Time magazine is honouring all the women who had participated in the world-wide movement against sexual harassment, by declaring ‘The Silence Breakers’ as ‘Person of the Year’ for 2017. In a first, not a person but a movement and every being who has participated in it has been put into the spotlight. If you observe the ‘Person of the Year’ cover, you will see a single hand on its lower right-hand corner. This hand represents all the women who are yet to come forward and reveal their identities.
It also symbolises all anonymous ordinary women who are groped, stroked, touched without consent in their day to day life.
You can be a celebrity, or a bartender. A housewife, an engineer or even a soldier. No profession, no amount of money or social standing is going to safe guard your body and dignity when a lecherous man has his eyes set on you. This is simply because men all over the world consider it alright to violate us. But more disturbing fact is that these men do not find anything wrong in their actions. A man does not have to be a Hollywood moghul or a college student to feel entitled to touch a woman improperly. But still he does. Why?
Because he thinks that what he does is not harmful to us.
Men still have the misconception that unless they are raping a woman, or physically abusing her, their actions are not causing any harm to women.
They are simply not aware of the mental trauma women go through on inappropriate touching. Though sometimes they do, but they know they can get away with it. By using hashtags like #MeToo, #BalanceTonPorc, #YoTambien, #Ana_kaman, women are not only shaming men drunk on power. They are putting out their personal stories in the open, and raising awareness in men, that what they think of as harmless fun, crushes their soul and confidence.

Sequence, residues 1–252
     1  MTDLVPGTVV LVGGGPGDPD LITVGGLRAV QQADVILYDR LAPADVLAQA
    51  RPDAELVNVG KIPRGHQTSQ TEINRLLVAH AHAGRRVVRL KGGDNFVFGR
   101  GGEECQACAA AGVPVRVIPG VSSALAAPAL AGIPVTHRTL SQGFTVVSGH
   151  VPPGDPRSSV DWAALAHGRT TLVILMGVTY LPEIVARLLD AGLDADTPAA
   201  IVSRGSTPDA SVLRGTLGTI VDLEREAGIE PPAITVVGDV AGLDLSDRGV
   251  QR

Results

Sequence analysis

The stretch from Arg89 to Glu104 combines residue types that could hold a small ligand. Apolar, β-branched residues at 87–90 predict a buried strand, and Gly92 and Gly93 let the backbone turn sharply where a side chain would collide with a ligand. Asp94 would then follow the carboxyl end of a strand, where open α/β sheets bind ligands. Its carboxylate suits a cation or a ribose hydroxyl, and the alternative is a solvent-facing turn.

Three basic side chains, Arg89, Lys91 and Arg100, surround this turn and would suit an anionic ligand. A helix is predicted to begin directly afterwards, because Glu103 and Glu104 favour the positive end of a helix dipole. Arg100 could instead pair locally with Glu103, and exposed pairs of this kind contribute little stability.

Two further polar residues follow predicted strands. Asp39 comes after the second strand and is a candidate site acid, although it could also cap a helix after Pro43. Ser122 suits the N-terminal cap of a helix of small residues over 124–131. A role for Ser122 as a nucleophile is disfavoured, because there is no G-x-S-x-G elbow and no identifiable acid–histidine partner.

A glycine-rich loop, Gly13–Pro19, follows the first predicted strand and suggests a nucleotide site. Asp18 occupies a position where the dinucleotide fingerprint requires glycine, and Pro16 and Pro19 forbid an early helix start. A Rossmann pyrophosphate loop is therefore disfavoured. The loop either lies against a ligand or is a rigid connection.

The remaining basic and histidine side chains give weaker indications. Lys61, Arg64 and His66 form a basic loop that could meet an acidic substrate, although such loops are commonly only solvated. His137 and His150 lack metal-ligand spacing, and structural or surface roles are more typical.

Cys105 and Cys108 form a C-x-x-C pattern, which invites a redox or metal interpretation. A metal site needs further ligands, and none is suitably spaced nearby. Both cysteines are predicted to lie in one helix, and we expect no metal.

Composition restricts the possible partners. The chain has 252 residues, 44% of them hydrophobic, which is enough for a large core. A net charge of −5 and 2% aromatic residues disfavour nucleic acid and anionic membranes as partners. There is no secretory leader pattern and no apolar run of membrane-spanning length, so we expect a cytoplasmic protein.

Our patriarchal society encourages entitled men to treat us as mere objects.This seemingly harmless harassment can escalate into rape or abuse, unless the perpetrator is stopped.
So it is about time that the society, the authorities and the media takes us seriously.
A movement of this scale would not have been possible without social media. This platform gave a voice to famous women, who struggled to raise awareness about the behaviour of men like Harvey Weinstein, James Toback and Louis CK. It helped common women come out in support of these celebrities, and share their own harrowing experiences.
When I was in college, I was returning to my hostel one evening. It began to rain by the time I got to the stairs of the building. And before I could rush for cover, there was a power cut. As I began to climb up the stairs, struggling to avoid a fall in darkness, I felt a beam of light on my back. A couple of young men began to hoot, as the light traced every inch of my body. The men began to comment how ‘delicious’ I was looking, drenched from head to toe in rain. I could feel their gaze pierce through my fully clothed body.
I made a mad dash up the stairs, just wanting to escape their catcalls and comments. I had never felt so naked in my life. I wrote a story on this incident some years later. When #MeToo gained momentum, I posted this story with the hashtag. It didn’t matter if anyone read it or not. I wanted to stand up with these women and show the mirror to several men who make us feel dirty about our bodies, to no fault of ours.
It felt liberating. The unknown men who had violated me, without even laying a hand on me, were not there. But the society which normalises such behaviour was present.
Me and millions of women- old and young, big and small, famous and anonymous, were holding a giant mirror in our hands, and showing the society the nakedness of its hypocrisy. This moment was beyond memorable.
But was this moment worthy of celebration? Certainly, it is saddening that women have to come forward and lead a movement against sexual harassment in this day and age. What is worthy of celebration is the fact that we have learned a very important lesson. Women need to stand up for each other. We should hold each other’s hand and fight for our rights and dignity. This realisation, is vital in our battle against gender equality. The lecherous men might have power, and society’s frivolous attitude in their favour. But we have our voice, and now we have each other.